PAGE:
The last century witnessed the unfolding of a great intellectual adventure, as the collective human mind turned outwards to conceptually reorganize our understanding of space, time, matter and energy, now codified in the theoretical frameworks of quantum mechanics, general relativity, and statistical mechanics. Similarly, in neuroscience, we are in the midst of another grand quest, as we turn inwards to conceptually understand the workings of the very same mind capable of achieving the feats of the last hundred years.

We are a diverse group of physicists, mathematicians, computer scientists, bioengineers and neurobiologists, dedicated to this quest. We are motivated by two overarching questions:

- How do fundamental higher level cognitive phenomena like perception, memory, attention, decision making and motor control emerge from the collective interactions of many dynamical degrees of freedom embedded within networks of neurons and synapses?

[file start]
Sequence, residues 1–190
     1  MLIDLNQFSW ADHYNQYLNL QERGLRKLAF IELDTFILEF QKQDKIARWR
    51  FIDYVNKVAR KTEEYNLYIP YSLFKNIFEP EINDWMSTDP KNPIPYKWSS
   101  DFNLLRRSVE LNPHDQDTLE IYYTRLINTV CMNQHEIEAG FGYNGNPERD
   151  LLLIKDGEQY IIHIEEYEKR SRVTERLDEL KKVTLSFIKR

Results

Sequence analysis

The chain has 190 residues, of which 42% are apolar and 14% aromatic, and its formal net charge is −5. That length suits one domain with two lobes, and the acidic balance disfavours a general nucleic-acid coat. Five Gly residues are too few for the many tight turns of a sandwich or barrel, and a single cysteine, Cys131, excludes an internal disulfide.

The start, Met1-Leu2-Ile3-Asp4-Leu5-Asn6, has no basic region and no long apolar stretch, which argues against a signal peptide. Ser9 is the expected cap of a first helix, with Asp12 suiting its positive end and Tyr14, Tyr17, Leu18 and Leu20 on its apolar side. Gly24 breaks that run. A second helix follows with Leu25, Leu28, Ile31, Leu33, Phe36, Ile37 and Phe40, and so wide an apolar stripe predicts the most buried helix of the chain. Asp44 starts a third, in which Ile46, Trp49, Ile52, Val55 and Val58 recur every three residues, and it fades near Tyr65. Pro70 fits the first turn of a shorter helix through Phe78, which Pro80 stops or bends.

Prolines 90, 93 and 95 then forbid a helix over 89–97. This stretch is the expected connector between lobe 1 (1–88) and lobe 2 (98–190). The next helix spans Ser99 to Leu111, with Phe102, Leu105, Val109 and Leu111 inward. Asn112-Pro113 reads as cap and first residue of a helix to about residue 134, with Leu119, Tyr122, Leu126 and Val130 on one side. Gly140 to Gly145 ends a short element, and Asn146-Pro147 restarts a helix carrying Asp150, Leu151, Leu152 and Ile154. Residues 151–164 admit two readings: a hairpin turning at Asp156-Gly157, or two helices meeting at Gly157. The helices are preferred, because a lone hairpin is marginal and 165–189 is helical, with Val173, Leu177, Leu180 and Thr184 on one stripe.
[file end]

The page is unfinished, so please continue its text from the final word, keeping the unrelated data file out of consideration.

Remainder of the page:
- Can principles of high dimensional statistics and computation provide a unified view of how we as neuroscientists can extract biologically meaningful models of neural systems from large datasets, as well as how neural systems themselves can extract predictive models of their environment from the stream of sensorimotor experience?

To pursue these questions, we exploit and extend tools and ideas from a diverse array of disciplines, including statistical mechanics, dynamical systems theory, machine learning, information theory, control theory, and high-dimensional statistics, as well as collaborate with experimental neuroscience laboratories collecting physiological data from a range of model organisms, from flies to humans.

318 Campus Drive

Stanford, CA 94305

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